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‘Suicide Girls’ Comic Book Gets Even Crazier, Begins Harvesting Tears [Review]

I’m not gonna lie, folks: Ever since I reviewed the first issue of IDW’s SuicideGirls comic, in which the Internet’s favorite alt-porn pin-up site was recast as a gang of tattooed, bloodthirsty, katana-wielding terrorist revolutionaries, it has quickly become one of the comics I look forward to the most. How could it not? The whole thing was like a Russ Meyer fever dream rendered in the absolutely beautiful art of Cameron Stewart and David Hahn.

Even so, after a first issue that featured a legacy dating back to Cleopatra, a sword carried in a corset piercing sheath and so, so many murders, I figured I’d seen the heights of what this book’s plot had to offer. As I expected, the second issue is not as crazy as the first.

It’s crazier.Much like the first one, the script — written by Brea Grant and Zane Grant and based on a plot by Brea Grant, Steve Niles and Missy Suicide — isn’t exactly this issue’s strong point, nor is it what I’d refer to as “coherent.” I’ve completely forgotten the name of the girl that I thought was set up to be the main character because she’s never directly addressed, and there are times when things get so jumbled up that I wasn’t even sure all the pages were printed in the right order.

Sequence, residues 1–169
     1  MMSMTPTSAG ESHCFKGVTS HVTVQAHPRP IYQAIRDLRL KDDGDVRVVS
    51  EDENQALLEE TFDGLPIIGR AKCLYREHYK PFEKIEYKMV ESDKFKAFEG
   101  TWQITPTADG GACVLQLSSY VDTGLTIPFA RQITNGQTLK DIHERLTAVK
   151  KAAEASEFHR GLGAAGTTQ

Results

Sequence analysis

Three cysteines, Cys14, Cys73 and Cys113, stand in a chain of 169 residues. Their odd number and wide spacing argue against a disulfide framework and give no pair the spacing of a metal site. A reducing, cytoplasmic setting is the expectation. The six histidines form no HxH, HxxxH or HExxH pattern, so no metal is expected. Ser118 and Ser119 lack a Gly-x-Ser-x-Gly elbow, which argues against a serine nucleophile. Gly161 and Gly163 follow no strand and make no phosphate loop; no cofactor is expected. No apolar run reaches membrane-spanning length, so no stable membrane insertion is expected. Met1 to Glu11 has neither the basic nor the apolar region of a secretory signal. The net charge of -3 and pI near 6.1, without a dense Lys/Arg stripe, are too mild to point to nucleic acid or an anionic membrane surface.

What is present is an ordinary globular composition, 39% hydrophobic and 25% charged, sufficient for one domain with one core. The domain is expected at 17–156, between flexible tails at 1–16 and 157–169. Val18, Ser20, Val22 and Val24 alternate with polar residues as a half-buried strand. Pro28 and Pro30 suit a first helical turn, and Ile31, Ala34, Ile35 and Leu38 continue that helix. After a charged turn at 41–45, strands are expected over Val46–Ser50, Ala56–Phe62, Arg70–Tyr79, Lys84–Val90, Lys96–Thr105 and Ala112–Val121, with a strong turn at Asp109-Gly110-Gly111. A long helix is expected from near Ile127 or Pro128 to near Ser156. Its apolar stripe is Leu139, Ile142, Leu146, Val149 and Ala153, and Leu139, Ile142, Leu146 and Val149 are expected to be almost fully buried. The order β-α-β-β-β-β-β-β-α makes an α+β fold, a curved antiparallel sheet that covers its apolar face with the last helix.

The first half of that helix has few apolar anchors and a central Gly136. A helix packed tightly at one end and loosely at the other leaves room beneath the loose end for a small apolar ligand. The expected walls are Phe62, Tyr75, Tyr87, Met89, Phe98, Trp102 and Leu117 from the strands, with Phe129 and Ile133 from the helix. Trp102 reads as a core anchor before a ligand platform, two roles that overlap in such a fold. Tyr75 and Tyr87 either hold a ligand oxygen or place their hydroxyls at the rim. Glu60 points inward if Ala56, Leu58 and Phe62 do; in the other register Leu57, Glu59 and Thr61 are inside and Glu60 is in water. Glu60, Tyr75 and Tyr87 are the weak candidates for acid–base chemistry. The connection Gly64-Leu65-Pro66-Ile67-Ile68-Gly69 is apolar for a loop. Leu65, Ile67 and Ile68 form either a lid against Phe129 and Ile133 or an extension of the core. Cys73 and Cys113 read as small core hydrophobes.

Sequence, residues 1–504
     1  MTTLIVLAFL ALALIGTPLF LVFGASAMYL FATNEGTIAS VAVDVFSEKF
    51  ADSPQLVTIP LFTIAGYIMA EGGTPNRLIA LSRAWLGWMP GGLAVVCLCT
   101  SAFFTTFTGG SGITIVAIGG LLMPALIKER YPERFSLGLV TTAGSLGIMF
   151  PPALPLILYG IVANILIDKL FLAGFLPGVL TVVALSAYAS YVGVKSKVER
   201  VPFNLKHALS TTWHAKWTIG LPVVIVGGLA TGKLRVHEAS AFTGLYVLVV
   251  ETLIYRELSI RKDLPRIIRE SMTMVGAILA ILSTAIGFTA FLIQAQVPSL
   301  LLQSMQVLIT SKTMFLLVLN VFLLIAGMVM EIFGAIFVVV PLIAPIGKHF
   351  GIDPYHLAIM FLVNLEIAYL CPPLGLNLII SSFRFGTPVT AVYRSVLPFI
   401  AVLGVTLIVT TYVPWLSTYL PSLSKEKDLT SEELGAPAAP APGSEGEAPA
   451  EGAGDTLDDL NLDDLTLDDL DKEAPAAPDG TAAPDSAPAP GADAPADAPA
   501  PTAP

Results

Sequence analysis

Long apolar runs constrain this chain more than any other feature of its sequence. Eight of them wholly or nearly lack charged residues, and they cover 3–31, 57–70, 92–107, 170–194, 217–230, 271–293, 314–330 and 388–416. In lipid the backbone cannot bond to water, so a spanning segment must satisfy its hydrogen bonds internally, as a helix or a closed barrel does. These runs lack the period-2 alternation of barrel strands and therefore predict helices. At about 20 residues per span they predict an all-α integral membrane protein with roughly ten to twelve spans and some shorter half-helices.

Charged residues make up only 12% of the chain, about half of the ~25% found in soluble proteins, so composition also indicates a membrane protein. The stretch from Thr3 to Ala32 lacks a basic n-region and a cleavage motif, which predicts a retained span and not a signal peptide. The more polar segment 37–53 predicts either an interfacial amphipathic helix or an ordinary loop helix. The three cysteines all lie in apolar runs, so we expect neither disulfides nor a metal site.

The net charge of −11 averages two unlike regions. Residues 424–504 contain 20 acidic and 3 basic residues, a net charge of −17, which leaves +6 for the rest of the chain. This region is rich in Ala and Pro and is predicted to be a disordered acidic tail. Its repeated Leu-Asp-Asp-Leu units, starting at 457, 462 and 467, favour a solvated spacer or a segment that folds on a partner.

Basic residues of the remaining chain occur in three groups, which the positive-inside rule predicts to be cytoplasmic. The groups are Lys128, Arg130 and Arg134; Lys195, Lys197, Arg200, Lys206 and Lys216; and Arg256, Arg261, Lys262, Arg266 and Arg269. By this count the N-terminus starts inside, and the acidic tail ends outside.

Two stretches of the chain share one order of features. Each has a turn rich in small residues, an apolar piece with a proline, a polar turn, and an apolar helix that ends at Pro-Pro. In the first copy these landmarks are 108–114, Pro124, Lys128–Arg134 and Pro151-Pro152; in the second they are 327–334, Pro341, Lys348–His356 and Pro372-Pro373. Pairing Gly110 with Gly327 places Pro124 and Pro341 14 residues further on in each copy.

There’s a narrative device used in this issue that integrates the Suicide Girls website’s practice of hosting blogs for the models so that subscribers have a convenient non-naked-pictures reason to read the site. The blogger/narrator in question is Porter, the de rigeur perky-quirky purple-haired hacker, and nothing she says makes any sense.

For instance, here she is suiting up for a mission in rubber coveralls to head down to the sewer, while also blogging about the video game Dragon Age II.

It’s also worth noting that this panel makes a pretty great showcase of Hahn’s art, especially since Porter’s arched back and sultry smile as she eyes the reader are a pretty great example of how he perfectly captures the book’s pin-up aesthetic. The Glock tucked into the g-string is just icing on the cake. Hilarious, hilarious icing.